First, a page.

Analysis Of Variances - ANOVA

AAA

DEFINITION of 'Analysis Of Variances - ANOVA'

An analysis of the variation between all of the variables used in an experiment. Analysis of variance is used in finance in several different ways, such as to forecasting the movements of security prices by first determining which factors influence stock fluctuations. This analysis can provide valuable insight into the behavior of a security or market index under various conditions.

INVESTOPEDIA EXPLAINS 'Analysis Of Variances - ANOVA'

This type of analysis attempts to break down the various underlying factors that determine the price of securities as well as market behavior. For example, it could possibly show how much of a security's rise or fall is due to changes in interest rates. A t-test and f-test is used to analyze the results of an analysis of variance test to determine which variables are of statistical significance.

RELATED TERMS
  1. Variance

    The spread between numbers in a data set, measuring Variance ...
  2. T-Test

    A statistical examination of two population means. A two-sample ...
  3. Balanced ANOVA

    A statistical test used to determine whether or not different ...
  4. Standard Deviation

    1. A measure of the dispersion of a set of data from its mean. ...
  5. Covariance

    A measure of the degree to which returns on two risky assets ...
  6. Mean

    The simple mathematical average of a set of two or more numbers. ...
RELATED FAQS
  1. What is a "linear" exposure in Value at Risk (VaR) calculation?

    A linear exposure in the value-at-risk, or VaR, calculation is represented by positions in stocks, bonds, commodities or ... Read Full Answer >>
  2. What is the criteria for a simple random sample?

    Simple random sampling is the most basic form of sampling and can be a component of more precise, more complex sampling methods. ... Read Full Answer >>
  3. What are some examples of ways that sensitivity analysis can be used?

    Sensitivity analysis is an analysis method that is used to identify how much variations in the input values for a given variable ... Read Full Answer >>
  4. What are the benefits of using ceteris paribus assumptions in economics?

    Most, though not all, economists rely on ceteris paribus conditions to build and test economic models. The reason they do ... Read Full Answer >>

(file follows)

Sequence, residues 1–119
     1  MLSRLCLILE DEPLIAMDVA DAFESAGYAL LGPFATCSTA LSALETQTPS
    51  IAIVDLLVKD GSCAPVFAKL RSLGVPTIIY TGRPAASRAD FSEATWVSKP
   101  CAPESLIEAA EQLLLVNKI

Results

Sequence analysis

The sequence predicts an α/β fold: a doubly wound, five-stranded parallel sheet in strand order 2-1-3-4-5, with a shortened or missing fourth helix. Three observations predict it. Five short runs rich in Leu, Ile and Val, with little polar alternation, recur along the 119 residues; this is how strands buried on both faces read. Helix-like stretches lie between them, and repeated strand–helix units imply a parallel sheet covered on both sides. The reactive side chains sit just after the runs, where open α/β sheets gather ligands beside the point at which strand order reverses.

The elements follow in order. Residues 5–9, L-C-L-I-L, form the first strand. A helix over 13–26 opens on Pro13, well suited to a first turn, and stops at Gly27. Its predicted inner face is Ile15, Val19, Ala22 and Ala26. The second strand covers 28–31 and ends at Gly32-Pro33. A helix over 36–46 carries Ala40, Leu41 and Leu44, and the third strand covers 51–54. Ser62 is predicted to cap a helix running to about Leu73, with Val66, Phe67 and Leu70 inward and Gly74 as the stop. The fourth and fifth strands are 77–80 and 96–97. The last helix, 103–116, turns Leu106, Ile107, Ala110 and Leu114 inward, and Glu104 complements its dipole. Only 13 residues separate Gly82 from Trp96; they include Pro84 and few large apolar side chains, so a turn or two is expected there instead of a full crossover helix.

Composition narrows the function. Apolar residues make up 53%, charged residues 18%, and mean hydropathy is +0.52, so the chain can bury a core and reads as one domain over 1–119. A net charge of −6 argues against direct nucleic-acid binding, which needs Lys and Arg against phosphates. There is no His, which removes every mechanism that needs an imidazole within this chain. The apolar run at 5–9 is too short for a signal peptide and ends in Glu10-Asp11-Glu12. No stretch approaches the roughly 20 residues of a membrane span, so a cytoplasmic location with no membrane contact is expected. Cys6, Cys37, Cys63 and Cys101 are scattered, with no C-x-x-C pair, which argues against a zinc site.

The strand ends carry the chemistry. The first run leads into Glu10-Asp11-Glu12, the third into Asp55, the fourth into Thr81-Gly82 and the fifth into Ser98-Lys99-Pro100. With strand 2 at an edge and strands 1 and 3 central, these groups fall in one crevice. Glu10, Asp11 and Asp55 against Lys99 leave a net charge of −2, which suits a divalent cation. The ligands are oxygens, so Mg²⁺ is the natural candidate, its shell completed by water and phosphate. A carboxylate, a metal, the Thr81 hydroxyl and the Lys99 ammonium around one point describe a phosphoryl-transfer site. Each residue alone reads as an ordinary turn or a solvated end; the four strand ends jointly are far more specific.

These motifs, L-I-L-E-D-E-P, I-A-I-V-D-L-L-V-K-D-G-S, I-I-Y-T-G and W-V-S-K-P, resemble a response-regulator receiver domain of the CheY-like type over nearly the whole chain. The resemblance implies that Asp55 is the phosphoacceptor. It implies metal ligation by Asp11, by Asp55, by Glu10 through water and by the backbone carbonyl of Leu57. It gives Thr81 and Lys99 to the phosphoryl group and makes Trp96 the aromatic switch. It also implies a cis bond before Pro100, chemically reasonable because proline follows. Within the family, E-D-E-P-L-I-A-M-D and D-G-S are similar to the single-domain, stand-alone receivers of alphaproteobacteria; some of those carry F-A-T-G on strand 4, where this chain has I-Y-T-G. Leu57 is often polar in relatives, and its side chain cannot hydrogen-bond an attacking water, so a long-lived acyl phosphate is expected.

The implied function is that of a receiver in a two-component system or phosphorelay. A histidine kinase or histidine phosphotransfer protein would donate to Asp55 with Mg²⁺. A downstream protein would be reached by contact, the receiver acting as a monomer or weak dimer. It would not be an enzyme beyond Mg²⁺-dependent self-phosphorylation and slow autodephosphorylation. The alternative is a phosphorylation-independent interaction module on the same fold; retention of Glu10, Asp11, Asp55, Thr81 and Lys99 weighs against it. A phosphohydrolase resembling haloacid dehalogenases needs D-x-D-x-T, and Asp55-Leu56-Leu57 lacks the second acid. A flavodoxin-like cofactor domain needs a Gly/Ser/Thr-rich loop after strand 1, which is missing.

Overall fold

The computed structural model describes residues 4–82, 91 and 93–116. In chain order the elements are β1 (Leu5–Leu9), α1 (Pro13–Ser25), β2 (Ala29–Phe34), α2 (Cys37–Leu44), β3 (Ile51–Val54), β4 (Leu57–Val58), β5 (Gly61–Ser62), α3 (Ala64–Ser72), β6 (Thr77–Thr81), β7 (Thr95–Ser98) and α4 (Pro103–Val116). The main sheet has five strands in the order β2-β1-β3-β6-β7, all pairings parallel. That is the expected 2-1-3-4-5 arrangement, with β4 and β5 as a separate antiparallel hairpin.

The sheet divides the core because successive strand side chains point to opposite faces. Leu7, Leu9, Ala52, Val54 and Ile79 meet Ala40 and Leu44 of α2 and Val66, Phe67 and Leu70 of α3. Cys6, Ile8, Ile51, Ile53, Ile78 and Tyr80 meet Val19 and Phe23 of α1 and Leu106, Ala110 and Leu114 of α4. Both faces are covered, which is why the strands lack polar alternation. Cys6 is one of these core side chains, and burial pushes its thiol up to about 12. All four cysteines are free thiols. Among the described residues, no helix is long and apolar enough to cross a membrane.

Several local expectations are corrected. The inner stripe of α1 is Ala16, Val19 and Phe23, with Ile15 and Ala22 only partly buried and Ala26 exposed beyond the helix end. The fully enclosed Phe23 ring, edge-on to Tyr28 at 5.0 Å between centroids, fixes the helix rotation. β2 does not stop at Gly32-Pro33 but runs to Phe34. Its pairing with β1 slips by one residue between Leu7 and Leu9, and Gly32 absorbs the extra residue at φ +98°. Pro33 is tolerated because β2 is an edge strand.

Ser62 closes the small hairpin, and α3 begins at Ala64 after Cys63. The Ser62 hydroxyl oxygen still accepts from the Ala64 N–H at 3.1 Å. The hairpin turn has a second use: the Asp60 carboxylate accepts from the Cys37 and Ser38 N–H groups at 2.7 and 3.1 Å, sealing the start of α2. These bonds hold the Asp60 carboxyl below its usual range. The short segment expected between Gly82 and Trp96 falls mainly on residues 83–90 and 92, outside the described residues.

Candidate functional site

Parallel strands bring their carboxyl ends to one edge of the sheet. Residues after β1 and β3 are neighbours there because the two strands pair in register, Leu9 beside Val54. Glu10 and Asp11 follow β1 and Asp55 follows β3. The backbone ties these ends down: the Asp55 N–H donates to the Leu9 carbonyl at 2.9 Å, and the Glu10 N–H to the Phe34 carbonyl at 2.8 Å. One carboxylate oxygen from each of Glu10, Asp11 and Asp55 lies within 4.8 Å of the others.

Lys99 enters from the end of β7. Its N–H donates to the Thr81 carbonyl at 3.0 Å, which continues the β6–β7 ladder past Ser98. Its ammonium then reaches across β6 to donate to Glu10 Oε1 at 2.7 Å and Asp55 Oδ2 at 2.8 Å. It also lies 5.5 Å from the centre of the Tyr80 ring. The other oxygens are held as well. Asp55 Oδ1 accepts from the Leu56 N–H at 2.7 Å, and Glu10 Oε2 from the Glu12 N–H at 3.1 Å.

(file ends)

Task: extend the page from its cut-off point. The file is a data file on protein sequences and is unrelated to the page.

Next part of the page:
5. How is the 80-20 rule (Pareto's Principle) used in macroeconomics?

    The 80-20 rule was first used in macroeconomics to describe the distribution of wealth in Italy in the early 20th century, ... Read Full Answer >>
  6. What are some of the uses of the coefficient of variation (COV)?

    In statistics, the coefficient of variation (COV) is a simple measure of relative event dispersion. It is equal to the ratio ... Read Full Answer >>
Related Articles
  1. Bonds & Fixed Income

    Find The Highest Returns With The Sharpe Ratio

    Learn how to follow the efficient frontier to increase your chances of successful investing.
  2. Active Trading Fundamentals

    How To Convert Value At Risk To Different Time Periods

    Volatility is not the only way to measure risk. Learn about the "new science of risk management".
  3. Options & Futures

    An Introduction To Value at Risk (VAR)

    Volatility is not the only way to measure risk. Learn about the "new science of risk management".
  4. Active Trading

    Modern Portfolio Theory: Why It's Still Hip

    See why investors today still follow this old set of principles that reduce risk and increase returns through diversification.
  5. Fundamental Analysis

    Calculating Future Value

    Future value is the value of an asset or cash at a specified date in the future that is equivalent in value to a specified sum today.
  6. Economics

    What is Deadweight Loss?

    Mainly used in economics, deadweight loss can be applied to any deficiency caused by an inefficient allocation of resources.
  7. Investing

    The Strong Dollar’s (Real) Toll On Tech Stocks

    A large portion of U.S. technology companies’ sales occur overseas, given the strong international business and consumer demand from many U.S. tech firms.
  8. Fundamental Analysis

    How to Calculate a Coverage Ratio

    In broad terms, the higher the coverage ratio, the better the ability of the enterprise to fulfill its obligations to its lenders.
  9. Economics

    How to Do a Cost-Benefit Analysis

    The benefits of a given situation or business-related action are summed and then the costs associated with taking that action are subtracted.
  10. Fundamental Analysis

    Calculating the Herfindahl-Hirschman Index (HHI)

    The Herfindhal-Hirschman Index, (HHI) is a measure of market concentration and competition among market participants.

You May Also Like

Hot Definitions
  1. Unlevered Beta

    A type of metric that compares the risk of an unlevered company to the risk of the market. The unlevered beta is the beta ...
  2. Moving Average - MA

    A widely used indicator in technical analysis that helps smooth out price action by filtering out the “noise” from random ...
  3. Yield Curve

    A line that plots the interest rates, at a set point in time, of bonds having equal credit quality, but differing maturity ...
  4. Productivity

    An economic measure of output per unit of input. Inputs include labor and capital, while output is typically measured in ...
  5. Variance

    The spread between numbers in a data set, measuring Variance is calculated by taking the differences between each number ...
  6. Terminal Value - TV

    The value of a bond at maturity, or of an asset at a specified, future valuation date, taking into account factors such as ...
Trading Center